The case of the $1,206 toenail clipping

Last week I posted 21 charts showing the absurdly high prices Americans pay for health care. One reader wrote in with a story that is perhaps more compelling than any of them:

Let me briefly share with you a rather amazing personal experience of overcharging by a Harvard-affiliated hospital here in the Boston area. It’s not a huge matter, but it is so outrageous and almost funny in a way that I thought you might have an interest in using it, maybe in something you are otherwise working on.

The hospital did a single toenail clipping. The bill is $1,206.

To avoid misunderstandings, this was not a surgical intervention. It was the same kind of clipping that you do yourself every week, except that only a small piece of only one nail was clipped.

The whole encounter, including the prior doctor consultation, took about 15 minutes.

Admittedly, the tiny piece of toenail was sent in for lab analysis, because the doctor thought there might be some infection. (There wasn't.) But the lab charges, although extremely high, were only part of the issue.

Here is how the charges broke down in detail. (From Brigham and Women’s, the dermatology department, dating from March 5, 2013.)

Office Visit -- $248.00

Biopsy -- $182.00

Treatment Room -- $328.00

AMB Clinic -- $117.00

Pathology Lab -- $165.00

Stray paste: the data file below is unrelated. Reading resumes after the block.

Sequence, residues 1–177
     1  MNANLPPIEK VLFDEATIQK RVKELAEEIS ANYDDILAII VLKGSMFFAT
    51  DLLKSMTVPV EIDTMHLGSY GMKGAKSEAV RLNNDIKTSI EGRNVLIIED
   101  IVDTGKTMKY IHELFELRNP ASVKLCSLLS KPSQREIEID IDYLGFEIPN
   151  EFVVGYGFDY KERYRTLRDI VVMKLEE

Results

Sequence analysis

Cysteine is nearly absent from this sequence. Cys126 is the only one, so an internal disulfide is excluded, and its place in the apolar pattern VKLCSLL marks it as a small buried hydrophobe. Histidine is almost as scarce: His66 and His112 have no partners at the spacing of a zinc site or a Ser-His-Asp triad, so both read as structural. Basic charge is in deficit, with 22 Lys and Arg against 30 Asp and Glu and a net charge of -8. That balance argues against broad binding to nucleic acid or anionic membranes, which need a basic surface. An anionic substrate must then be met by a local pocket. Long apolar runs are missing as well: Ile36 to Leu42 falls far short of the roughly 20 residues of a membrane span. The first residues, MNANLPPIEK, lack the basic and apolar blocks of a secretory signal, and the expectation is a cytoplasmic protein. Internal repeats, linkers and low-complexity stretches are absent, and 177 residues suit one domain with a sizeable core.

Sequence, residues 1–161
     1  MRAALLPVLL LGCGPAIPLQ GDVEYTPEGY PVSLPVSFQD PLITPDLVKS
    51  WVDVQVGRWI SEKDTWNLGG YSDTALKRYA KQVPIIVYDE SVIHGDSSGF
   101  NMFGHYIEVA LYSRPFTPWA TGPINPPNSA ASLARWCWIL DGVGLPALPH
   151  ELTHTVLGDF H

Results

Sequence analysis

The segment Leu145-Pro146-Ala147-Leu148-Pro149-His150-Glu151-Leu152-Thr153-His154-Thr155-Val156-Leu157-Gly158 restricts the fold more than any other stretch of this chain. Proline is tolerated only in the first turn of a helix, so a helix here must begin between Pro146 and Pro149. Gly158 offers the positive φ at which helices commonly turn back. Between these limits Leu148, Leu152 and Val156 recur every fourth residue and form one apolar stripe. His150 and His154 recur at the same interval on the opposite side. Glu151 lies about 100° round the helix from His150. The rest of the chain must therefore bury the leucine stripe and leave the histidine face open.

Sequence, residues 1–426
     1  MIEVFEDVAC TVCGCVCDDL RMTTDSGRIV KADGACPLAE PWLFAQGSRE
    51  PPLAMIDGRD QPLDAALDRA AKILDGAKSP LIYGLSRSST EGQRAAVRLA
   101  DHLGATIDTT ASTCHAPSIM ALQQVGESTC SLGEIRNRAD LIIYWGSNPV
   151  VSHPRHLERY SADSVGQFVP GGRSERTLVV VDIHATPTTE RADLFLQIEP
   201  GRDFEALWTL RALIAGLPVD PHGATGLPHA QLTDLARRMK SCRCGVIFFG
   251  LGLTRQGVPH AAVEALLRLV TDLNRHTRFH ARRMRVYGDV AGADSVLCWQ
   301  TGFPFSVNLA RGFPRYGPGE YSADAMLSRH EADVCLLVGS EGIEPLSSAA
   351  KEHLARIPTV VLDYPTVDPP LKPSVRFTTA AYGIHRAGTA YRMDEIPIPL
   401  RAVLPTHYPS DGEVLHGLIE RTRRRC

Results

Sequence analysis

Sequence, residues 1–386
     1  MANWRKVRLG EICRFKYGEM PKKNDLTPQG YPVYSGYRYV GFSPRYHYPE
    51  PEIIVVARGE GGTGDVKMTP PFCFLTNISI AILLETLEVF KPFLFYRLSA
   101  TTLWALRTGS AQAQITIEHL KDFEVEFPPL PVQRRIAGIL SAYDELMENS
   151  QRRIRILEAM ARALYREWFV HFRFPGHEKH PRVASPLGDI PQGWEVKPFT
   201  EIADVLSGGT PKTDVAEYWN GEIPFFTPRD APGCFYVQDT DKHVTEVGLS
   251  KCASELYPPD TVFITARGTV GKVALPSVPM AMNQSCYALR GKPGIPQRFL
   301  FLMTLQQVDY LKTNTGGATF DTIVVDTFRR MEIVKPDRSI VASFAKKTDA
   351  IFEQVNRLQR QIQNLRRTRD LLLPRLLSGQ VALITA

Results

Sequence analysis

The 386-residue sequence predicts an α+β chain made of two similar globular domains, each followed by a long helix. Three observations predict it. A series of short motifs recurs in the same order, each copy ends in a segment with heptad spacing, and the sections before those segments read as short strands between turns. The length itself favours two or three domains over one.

Laboratory Services -- $166.00

Total -- $1206.

I called the billing department of course, and they say that everything seems correctly coded. The billing person agreed personally that the numbers are outrageous but says there is nothing they can do about it. I then called the department of dermatology and spoke to two separate people there, who both also agreed that the charges are ridiculous, but they emphasized that there is nothing they can do, either. I have a call in to the Patient Relations department, and they have promised to return my call within two working days, but frankly I’m not holding my breath for any redress or mitigation from them.

If other readers have stories like this one, I'd love to hear them.

Further reading:

21 graphs that show American health-care prices are ludicrous.

Why an MRI costs $1,080 in America and $280 in France.

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Neil Irwin · April 2, 2013